Plantations Essay

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Plantations are farms covering a large land area that are usually devoted to growing a single crop that will be sold for cash. They are classified according to the manner in which they employ laborers, or according to the kind of crop that is grown. The crops grown are usually something other than a cereal grain or pasture for cattle. Sometimes, orchards may be classified as plantations, especially if nuts are grown.

The English in Northern Ireland first developed plantations. Colonists were “planted” in Ireland on land that had been lost by the Irish in fighting against the English and the Scots. These and other Europeans and their descendants brought the plantation system to the Americas. These plantations resembled ancient latifundia in the Mediterranean, which were worked by slaves for the growing of olives for oil. In the 19th century plantations were established in Asia and Africa and on many Pacific islands. A common factor in almost all plantations is the necessity of gaining and maintaining a reliable source of affordable labor. The number of laborers required has usually been sizeable.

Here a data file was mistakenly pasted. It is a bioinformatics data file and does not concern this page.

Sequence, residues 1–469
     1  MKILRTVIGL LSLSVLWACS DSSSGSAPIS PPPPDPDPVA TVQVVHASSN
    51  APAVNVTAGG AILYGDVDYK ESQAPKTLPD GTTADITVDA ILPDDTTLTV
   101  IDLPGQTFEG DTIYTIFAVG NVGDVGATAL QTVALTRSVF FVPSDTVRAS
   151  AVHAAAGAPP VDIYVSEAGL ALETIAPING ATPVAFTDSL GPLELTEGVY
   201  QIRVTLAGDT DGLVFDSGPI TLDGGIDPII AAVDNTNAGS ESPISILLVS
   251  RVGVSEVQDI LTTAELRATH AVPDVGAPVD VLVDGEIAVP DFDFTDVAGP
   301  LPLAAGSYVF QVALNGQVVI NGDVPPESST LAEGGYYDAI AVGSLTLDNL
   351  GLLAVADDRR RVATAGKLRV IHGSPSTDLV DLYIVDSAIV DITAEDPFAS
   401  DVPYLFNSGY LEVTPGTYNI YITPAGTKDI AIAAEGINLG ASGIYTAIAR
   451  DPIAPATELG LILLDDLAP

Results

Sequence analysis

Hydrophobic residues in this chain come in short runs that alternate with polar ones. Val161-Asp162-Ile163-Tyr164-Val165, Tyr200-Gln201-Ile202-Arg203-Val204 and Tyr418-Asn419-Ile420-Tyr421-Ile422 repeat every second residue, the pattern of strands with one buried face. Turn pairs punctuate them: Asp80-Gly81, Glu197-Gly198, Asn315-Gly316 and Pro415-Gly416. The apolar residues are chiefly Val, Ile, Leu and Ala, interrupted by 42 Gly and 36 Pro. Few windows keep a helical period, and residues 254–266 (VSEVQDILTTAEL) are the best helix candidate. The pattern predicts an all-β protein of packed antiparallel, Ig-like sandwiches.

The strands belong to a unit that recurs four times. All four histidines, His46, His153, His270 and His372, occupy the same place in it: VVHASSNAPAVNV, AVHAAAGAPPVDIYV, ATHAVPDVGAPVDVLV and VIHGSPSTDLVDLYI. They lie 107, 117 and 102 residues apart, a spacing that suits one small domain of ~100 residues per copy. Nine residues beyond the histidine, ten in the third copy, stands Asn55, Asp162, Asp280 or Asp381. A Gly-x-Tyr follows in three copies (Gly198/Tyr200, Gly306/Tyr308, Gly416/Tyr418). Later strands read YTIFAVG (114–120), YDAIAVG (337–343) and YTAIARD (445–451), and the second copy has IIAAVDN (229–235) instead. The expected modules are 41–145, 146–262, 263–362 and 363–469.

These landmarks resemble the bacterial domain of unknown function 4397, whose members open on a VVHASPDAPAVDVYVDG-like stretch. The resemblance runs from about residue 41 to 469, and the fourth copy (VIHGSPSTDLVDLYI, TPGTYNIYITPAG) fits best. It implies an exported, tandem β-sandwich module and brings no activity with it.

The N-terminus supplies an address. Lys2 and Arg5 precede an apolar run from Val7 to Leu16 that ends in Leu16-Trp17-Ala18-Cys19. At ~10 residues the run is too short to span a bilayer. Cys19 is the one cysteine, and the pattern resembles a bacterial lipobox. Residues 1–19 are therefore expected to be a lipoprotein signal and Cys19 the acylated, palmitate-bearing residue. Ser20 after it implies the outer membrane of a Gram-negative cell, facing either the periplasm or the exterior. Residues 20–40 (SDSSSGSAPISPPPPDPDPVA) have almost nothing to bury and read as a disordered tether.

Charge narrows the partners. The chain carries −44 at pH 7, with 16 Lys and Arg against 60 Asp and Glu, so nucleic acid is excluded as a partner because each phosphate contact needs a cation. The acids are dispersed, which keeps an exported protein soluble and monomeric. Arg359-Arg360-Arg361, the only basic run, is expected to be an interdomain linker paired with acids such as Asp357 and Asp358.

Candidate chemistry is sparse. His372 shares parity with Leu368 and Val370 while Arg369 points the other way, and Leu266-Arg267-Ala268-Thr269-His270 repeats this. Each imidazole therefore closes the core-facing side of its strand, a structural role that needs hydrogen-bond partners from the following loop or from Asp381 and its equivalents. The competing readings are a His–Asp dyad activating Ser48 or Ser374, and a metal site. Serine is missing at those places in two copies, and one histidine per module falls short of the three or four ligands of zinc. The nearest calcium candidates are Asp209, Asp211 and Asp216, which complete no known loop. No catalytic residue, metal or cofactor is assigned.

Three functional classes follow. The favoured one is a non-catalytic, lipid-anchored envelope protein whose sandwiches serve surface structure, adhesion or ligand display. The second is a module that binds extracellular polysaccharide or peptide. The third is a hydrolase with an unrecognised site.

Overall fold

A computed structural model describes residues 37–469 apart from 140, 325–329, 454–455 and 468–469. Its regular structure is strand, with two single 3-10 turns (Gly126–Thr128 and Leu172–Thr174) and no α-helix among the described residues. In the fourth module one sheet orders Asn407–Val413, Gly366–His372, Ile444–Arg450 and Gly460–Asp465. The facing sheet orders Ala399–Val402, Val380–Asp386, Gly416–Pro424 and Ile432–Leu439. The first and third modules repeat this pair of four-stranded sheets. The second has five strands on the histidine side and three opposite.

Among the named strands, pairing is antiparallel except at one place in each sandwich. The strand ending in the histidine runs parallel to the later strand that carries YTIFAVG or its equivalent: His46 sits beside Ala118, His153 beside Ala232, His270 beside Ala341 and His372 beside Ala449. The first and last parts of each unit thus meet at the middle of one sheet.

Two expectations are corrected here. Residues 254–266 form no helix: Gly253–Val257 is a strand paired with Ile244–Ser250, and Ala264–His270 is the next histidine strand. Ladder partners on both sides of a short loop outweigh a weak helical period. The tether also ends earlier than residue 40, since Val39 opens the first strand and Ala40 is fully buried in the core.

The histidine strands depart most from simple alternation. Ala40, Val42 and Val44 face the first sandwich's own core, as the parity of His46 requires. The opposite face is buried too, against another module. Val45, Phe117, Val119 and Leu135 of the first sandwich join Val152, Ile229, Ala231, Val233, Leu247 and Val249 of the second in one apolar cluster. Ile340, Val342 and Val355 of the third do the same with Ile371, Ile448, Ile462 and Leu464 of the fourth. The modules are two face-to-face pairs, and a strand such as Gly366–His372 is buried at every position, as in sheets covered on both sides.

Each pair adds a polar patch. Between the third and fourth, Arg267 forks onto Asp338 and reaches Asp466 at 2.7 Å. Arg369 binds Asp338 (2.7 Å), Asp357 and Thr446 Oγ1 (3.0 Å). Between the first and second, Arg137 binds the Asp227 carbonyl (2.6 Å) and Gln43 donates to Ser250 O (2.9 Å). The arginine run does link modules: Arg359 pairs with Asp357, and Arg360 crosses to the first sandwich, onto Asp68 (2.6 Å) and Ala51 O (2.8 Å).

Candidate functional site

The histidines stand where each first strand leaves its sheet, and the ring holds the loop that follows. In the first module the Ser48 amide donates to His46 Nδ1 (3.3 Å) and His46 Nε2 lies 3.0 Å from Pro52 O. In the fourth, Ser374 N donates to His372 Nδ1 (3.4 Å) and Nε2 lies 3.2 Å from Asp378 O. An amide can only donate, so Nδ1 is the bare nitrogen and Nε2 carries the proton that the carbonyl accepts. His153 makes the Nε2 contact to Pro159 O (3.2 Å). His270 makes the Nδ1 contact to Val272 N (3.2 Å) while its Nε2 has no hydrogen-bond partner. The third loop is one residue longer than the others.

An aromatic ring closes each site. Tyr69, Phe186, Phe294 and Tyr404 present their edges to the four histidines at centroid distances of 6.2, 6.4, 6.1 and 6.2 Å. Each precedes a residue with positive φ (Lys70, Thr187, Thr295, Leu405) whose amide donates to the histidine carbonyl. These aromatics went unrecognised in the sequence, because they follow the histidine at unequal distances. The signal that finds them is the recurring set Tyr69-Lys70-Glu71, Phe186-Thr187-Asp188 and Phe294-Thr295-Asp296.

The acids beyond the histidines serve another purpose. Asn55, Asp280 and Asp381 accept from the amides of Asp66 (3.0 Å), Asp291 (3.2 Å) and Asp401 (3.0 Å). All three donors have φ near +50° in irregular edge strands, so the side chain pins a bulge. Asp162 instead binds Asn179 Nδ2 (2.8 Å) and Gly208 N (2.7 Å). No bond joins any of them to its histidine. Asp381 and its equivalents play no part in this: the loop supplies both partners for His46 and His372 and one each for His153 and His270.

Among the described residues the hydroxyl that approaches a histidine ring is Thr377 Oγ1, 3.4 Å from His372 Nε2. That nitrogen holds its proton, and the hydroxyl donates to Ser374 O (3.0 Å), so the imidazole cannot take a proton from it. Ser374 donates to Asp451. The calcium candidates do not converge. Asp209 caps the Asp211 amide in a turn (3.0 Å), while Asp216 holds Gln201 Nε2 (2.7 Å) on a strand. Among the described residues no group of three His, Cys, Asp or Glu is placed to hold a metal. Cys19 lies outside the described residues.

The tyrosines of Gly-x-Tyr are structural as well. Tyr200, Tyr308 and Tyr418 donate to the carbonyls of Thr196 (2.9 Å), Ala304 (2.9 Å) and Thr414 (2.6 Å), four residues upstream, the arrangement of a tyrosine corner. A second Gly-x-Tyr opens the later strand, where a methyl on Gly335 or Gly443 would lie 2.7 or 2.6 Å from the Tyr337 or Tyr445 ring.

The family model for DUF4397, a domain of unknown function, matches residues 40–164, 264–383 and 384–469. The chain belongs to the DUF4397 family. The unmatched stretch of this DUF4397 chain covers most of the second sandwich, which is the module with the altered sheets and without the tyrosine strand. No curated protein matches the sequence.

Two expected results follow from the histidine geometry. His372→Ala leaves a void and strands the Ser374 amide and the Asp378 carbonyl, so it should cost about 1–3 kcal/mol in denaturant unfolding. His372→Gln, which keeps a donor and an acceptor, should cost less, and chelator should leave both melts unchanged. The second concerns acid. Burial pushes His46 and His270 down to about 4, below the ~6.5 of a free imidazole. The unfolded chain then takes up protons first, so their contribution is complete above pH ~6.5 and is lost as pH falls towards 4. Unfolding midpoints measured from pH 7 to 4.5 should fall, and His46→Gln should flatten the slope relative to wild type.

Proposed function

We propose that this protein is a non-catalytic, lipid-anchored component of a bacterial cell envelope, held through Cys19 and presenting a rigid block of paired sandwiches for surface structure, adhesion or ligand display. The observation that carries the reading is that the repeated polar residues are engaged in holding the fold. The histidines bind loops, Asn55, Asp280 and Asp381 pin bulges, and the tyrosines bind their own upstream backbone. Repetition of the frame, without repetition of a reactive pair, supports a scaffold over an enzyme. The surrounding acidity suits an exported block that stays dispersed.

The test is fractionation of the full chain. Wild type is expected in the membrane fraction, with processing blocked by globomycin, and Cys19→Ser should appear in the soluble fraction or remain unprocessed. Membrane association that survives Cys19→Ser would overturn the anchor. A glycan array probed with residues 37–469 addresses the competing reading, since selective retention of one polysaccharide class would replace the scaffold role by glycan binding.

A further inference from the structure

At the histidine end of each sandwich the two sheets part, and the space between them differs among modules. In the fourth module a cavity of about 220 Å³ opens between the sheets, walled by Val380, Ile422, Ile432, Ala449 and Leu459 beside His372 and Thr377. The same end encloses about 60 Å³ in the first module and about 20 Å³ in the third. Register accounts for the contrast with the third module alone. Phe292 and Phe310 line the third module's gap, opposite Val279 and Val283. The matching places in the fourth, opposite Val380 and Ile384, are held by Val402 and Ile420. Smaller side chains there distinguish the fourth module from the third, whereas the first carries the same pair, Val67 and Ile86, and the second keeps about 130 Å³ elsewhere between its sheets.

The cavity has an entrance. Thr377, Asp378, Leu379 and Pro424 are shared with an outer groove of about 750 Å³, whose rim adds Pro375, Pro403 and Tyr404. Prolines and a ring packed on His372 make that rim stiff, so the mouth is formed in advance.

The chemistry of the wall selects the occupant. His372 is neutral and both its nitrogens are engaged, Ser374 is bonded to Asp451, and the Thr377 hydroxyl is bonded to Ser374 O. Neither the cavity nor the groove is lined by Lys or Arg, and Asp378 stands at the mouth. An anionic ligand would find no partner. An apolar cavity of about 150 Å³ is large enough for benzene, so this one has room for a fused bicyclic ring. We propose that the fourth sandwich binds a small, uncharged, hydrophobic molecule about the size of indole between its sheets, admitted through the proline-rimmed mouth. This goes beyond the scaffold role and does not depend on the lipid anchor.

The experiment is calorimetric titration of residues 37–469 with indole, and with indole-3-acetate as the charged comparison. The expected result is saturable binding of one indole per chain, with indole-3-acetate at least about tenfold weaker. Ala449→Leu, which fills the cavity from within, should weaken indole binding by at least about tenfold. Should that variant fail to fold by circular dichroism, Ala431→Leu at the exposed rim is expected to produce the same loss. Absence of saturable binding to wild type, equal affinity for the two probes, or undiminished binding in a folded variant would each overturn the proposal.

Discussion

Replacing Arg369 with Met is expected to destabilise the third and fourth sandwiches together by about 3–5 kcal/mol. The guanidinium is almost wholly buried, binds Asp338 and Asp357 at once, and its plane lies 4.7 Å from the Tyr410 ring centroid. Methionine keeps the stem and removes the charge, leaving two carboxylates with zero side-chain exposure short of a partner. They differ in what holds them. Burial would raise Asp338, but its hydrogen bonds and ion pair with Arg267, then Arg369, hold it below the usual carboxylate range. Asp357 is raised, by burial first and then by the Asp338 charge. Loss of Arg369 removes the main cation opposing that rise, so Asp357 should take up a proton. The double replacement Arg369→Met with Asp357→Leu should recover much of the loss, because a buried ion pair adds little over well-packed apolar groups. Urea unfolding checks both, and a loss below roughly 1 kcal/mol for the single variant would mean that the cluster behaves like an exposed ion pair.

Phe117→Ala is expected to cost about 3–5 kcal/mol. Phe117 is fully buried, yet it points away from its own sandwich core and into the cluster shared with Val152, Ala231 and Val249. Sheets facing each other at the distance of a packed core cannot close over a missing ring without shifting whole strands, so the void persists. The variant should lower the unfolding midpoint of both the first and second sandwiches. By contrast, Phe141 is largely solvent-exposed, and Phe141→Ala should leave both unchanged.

In the United States, plantations developed during colonial times. African Americans who had been imported as part of the slave trade and free whites worked on these plantations, which often grew tobacco. Tobacco was grown first in Virginia, and then in other colonies. Soon after tobacco cultivation began, slaves were introduced into the Virginia colony. However, many of the laborers on the early plantations were indentured servants who had to work for a number of years in order to pay for the cost of their passage to the New World. However, smaller farms that were sometimes “glorified” with the name plantation raised other crops besides tobacco, such as corn. Rice was first grown in the colonies in South Carolina’s Low Country plantations. Slaves worked the coastal indigo and rice plantations for generations until the abolition of slavery. After the emancipation of the slaves, freed African Americans continued to work the rice plantations until new rice lands were developed in southwestern Louisiana and eastern Texas, where mechanical rice farming took the place of manual labor.